Ten-Year Programme Ends after Supporting Reforms and Changing Lives in Bulgaria
November 14 (BTA) - Thousands of tonnes of pesticides produced before 1990 have been sitting for years in warehouses across the country posing a health hazard to people and the environment. Now 4,300 t will be repackaged and shipped for safe disposal in incinerators in France, Switzerland, Germany and Belgium. It is one of many project implemented thanks to the Bulgarian-Swiss Cooperation Programme, which is coming to an end ten years after its start.
During these ten years, the Programme has supported more than 120 initiatives and key reforms in Bulgaria in areas as diverse as law enforcement, environmental protection, education, farming and healthcare, reaching thousands of people in almost all municipalities. Some of the projects have gained much publicity thanks to their nationwide scope (such as the DOMINO project for phasing in dual education in Bulgaria) or the large group of people they have impacted (such as the ZOV programme for broader access to education and health for marginalized communities). But even the smallest of programmes (such as the opening of an orthopedic plant in the southern town of Stara Zagora) has been life-changing for many people.
The Bulgarian-Swiss Cooperation Programme had a total budget of CHF 76 million. Partnering public institutions co-financed projects with 15 per cent and non-governmental organizations with 10 per cent. The programme supported 93 projects and 22 doctoral students and post-doctoral visits. The largest project is for the disposal of obsolete pesticides.
Ambassador Muriel Berset Kohen of Switzerland describes the programme as an accomplishment because of the success stories of thousands of people, be it a family in a Roma neighbourhood or a farmer in a remote village. She says the programme is among the small donor programmes in Bulgaria, but of good quality: "just like Swiss watches, it's not the size which counts most, but the quality!". Asked by BTA to pick a single project that she sees as the most successful, Ambassador Berset Kohen explains there are many but one that is probably best recognized at all levels is DOMINO. "It created a legitimate replicable model for learning while working, taking the Swiss expertise and adjusting it to the local needs".
In terms of impact on the local community, Ambassador Berset Kohen says the ZOV Programme stands out, with twenty-eight newly built or refurbished kindergartens, schools, educational and health centres available for thousands of people in some of the poorest neighbourhoods.
As for the project with the biggest impact on national level, her pick is the pesticides project. "It is the largest in terms of budget allocation (CHF 24 million), solves an outstanding environmental problem in over one-hundred Bulgarian municipalities at once," the diplomat says.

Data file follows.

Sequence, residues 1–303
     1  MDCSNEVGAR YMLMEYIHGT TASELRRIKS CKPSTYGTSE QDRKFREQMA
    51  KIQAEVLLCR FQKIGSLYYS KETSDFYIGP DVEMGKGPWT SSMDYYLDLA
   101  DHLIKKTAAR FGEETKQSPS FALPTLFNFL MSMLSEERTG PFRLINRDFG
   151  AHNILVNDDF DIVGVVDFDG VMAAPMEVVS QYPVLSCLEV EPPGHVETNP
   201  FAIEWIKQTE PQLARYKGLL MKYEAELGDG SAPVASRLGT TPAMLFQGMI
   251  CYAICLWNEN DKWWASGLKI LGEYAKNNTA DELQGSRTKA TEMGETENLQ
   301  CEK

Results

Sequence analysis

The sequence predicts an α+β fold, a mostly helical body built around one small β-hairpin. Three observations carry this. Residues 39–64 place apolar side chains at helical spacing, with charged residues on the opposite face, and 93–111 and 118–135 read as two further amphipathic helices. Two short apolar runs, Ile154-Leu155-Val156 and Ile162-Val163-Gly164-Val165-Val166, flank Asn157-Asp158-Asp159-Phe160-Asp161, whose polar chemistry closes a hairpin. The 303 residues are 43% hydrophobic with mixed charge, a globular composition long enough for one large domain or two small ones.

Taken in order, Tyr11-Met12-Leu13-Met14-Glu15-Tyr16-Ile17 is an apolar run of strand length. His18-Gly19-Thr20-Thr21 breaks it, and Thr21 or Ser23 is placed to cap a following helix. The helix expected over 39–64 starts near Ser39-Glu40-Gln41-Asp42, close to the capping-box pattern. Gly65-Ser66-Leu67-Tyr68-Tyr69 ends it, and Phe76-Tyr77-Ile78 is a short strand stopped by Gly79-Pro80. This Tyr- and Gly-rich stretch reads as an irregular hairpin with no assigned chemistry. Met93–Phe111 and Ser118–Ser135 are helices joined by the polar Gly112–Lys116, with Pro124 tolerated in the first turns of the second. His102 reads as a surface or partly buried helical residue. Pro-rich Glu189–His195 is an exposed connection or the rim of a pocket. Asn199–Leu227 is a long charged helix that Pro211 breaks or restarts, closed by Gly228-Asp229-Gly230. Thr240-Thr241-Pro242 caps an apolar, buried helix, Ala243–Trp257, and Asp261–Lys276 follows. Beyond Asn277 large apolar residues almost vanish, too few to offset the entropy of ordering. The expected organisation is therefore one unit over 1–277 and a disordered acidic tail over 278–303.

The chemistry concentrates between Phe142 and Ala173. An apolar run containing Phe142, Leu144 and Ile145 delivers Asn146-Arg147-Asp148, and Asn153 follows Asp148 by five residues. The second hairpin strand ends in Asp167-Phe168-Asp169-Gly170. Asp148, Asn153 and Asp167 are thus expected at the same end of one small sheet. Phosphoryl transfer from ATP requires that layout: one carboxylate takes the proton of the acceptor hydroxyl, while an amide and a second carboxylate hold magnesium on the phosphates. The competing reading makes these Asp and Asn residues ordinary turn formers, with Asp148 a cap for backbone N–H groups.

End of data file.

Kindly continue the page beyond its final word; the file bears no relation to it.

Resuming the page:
She remembers that few projects had to be abandoned already in the design phase - like one on helicopter emergency medical services, and others could not fit into the initially foreseen timeframe and had to be extended, such as the "Green Public Procurement project. "Operational flexibility - tuned to the needs - is a distinctive feature of the programme," the Ambassador says.
She believes that initiatives which are socially grounded, economically feasible and environmentally friendly have the chance to last. "A small but ample (and delicious) example is the Wednesday Farmers' Market in front of the Ministry of Agriculture in Sofia. More than two years after the formal end of the For the Balkan and the People project, the market is there for the benefit of the city and the close-to-nature farmers. I love their products!" Ambassador Kohen says.
She gives credit to municipal authorities for their support and assistance. "Although capacities were not always present, good will prevailed. Civil Society organizations and civic initiatives, more than seventy NGOs got supported under the programme, especially where demands could not find a response by the state or by municipal authorities".
She also praises the National Coordination Unit of the Programme (NCU), placed within the Bulgarian Council of Ministers' administration, and says it has been an important success factor for setting up the Programme and essential in materializing many of its policy aspects.
Ambassador Berset Kohen makes it clear that there are no immediate plans for extending the programme in any form. "The ownership of the projects is by the Bulgarian people and I would be glad and even proud if they find ways to develop them further with the same quality or even better!" she adds.
She also says that a proposal of a second contribution of Switzerland to thirteen EU countries is currently pending at the Swiss Parliament and they have to decide about it, taking into account the current stage of our relationships with the European Union.
Meeting Thursday for one final programme-wide event, representatives of state institutions, beneficiaries and other donors will be holding a conference to present the impact and lessons learned from the past ten years of work. Ambassador Kohen and Deputy Prime Minister Tomislav Donchev will be there to speak to the participants together with dual education apprentices, Roma health mediators, teachers, farmers, businesses and NGOs. Representatives of the Swiss Agency for Development Cooperation (SDC) and State Secretariat for Economic Affairs (SECO) will join the discussions, as well as meeting with people in Sliven, where the ZOV Programme (Health and Education for All) worked for the Roma's inclusion, and visit pilot centres for hazardous household waste across the country.LN/